A research team headed by psychology professor Douglas Gentile examined several common practices intended to improve our feelings about others and thereby increase our own sense of well-being. Participants in his study, which was published in the Journal of Happiness Studies (yes, that is a real thing!), took part in one of three techniques.
The technique that proved to be most beneficial is called “practicing loving-kindness.” Study participants were instructed to go through their day looking at other people and thinking, “I wish for this person to be happy.” Explains Gentile, “Walking around and offering kindness to others in the world reduces anxiety and increases happiness and feelings of social connection. It’s a simple strategy that doesn’t take a lot of time that you can incorporate into your daily activities.”
Another technique the team had participants try was to consider the people they passed and think about how they are connected to each other. What hopes and feelings might we share with a stranger? How are we similar? While not as effective as loving-kindness, this strategy was found to increase empathy and create more of a sense of social connection, which is so important for mental health.
A third technique is sometimes recommended to help people feel better about themselves—”downward social comparison,” in which we think about all that we have and how we might be better off than others. The classic example is “I was sad that I had no shoes until I met a man who had no feet.” The goal is to help us feel better about ourselves and perhaps more empathy for others—but in the ISU study, the results weren’t so good.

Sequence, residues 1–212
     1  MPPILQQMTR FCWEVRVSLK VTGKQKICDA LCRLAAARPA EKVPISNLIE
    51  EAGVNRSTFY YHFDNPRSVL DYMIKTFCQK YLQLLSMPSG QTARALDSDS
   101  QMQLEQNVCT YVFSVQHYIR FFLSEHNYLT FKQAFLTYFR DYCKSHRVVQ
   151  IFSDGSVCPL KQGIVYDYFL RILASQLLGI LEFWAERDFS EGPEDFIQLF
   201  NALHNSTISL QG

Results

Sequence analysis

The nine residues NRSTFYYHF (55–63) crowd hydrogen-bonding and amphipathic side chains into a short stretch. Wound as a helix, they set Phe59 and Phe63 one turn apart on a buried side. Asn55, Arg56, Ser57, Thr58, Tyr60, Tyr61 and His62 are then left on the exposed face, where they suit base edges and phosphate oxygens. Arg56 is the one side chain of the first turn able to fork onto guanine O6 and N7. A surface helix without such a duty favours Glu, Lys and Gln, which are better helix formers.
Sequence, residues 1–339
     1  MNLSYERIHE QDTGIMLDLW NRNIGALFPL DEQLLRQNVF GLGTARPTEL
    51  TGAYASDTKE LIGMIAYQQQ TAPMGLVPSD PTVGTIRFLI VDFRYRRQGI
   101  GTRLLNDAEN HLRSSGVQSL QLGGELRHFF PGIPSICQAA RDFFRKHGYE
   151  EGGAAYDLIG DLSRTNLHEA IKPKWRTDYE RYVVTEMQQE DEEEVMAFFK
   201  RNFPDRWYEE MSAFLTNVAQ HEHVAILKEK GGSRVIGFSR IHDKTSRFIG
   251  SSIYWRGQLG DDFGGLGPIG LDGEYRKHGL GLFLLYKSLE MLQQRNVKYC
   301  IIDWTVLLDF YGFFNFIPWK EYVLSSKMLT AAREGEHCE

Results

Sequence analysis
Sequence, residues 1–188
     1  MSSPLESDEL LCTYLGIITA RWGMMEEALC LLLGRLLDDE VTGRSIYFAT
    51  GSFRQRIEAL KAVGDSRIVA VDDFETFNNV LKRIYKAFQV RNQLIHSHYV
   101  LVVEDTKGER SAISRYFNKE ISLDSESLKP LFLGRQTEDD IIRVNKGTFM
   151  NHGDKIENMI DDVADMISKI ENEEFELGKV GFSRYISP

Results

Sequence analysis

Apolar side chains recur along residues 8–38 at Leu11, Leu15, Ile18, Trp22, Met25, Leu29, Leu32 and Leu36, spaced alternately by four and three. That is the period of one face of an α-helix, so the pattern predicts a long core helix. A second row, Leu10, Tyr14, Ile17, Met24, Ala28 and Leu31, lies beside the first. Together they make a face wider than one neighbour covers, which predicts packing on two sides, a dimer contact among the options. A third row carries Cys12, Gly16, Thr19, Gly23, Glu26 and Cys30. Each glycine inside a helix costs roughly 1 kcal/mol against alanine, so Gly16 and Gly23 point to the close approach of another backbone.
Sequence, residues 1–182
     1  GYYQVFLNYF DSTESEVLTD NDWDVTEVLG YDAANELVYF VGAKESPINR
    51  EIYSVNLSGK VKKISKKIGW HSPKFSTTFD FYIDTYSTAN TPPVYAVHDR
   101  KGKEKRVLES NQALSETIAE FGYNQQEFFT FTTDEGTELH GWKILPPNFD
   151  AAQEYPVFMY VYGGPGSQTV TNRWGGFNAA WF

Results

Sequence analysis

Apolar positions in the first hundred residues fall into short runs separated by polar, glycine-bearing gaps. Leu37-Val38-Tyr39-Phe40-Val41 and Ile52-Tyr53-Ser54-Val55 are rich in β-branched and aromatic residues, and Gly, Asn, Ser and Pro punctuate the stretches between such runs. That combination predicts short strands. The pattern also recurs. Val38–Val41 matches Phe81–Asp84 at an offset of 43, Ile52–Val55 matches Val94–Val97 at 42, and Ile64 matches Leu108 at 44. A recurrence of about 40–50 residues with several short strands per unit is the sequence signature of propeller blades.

“At its core, downward social comparison is a competitive strategy,” explained study co-author Dawn Sweet. “That’s not to say it can’t have some benefit, but competitive mindsets have been linked to stress, anxiety, and depression.”
The team also noted that today’s ways of communicating make comparisons a “risky strategy” for emotional well-being. “Social media is a playground for comparisons—he makes more money than I, or she has a nicer car,” noted the team. “It is almost impossible to not to make comparisons on social media. We often feel envy, jealousy, anger or disappointment in response to what we see on social media, and those emotions disrupt our sense of well-being.”
This study used college students as the test subjects, but the results would no doubt also be very relevant for older adults. No matter what we do to take care of our health or plan for the future, time deals with us in different ways. Comparing our abilities and resources with those of others is a recipe for low self-esteem and anxiety. Wishing others well instead can improve our sense of well-being.